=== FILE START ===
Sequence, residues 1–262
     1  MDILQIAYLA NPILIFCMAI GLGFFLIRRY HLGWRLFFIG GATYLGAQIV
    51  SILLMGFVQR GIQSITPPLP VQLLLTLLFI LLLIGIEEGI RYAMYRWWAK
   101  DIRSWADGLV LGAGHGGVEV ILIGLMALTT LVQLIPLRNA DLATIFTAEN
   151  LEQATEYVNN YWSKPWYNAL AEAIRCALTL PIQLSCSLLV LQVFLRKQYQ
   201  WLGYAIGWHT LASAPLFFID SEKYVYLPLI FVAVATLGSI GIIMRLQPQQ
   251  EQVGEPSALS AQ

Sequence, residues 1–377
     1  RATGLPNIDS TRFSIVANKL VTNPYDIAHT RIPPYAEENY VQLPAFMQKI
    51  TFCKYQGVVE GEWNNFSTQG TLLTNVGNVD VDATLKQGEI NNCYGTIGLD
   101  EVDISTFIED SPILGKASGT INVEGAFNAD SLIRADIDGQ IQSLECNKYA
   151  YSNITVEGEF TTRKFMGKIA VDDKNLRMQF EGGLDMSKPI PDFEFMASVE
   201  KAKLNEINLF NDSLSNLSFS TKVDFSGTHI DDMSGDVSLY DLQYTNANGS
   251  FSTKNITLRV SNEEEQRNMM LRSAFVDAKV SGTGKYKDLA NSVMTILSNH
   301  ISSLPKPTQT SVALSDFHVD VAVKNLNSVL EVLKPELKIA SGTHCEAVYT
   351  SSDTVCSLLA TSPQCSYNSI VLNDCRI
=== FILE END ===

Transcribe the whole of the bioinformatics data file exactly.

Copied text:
Sequence, residues 1–262
     1  MDILQIAYLA NPILIFCMAI GLGFFLIRRY HLGWRLFFIG GATYLGAQIV
    51  SILLMGFVQR GIQSITPPLP VQLLLTLLFI LLLIGIEEGI RYAMYRWWAK
   101  DIRSWADGLV LGAGHGGVEV ILIGLMALTT LVQLIPLRNA DLATIFTAEN
   151  LEQATEYVNN YWSKPWYNAL AEAIRCALTL PIQLSCSLLV LQVFLRKQYQ
   201  WLGYAIGWHT LASAPLFFID SEKYVYLPLI FVAVATLGSI GIIMRLQPQQ
   251  EQVGEPSALS AQ

Sequence, residues 1–377
     1  RATGLPNIDS TRFSIVANKL VTNPYDIAHT RIPPYAEENY VQLPAFMQKI
    51  TFCKYQGVVE GEWNNFSTQG TLLTNVGNVD VDATLKQGEI NNCYGTIGLD
   101  EVDISTFIED SPILGKASGT INVEGAFNAD SLIRADIDGQ IQSLECNKYA
   151  YSNITVEGEF TTRKFMGKIA VDDKNLRMQF EGGLDMSKPI PDFEFMASVE
   201  KAKLNEINLF NDSLSNLSFS TKVDFSGTHI DDMSGDVSLY DLQYTNANGS
   251  FSTKNITLRV SNEEEQRNMM LRSAFVDAKV SGTGKYKDLA NSVMTILSNH
   301  ISSLPKPTQT SVALSDFHVD VAVKNLNSVL EVLKPELKIA SGTHCEAVYT
   351  SSDTVCSLLA TSPQCSYNSI VLNDCRI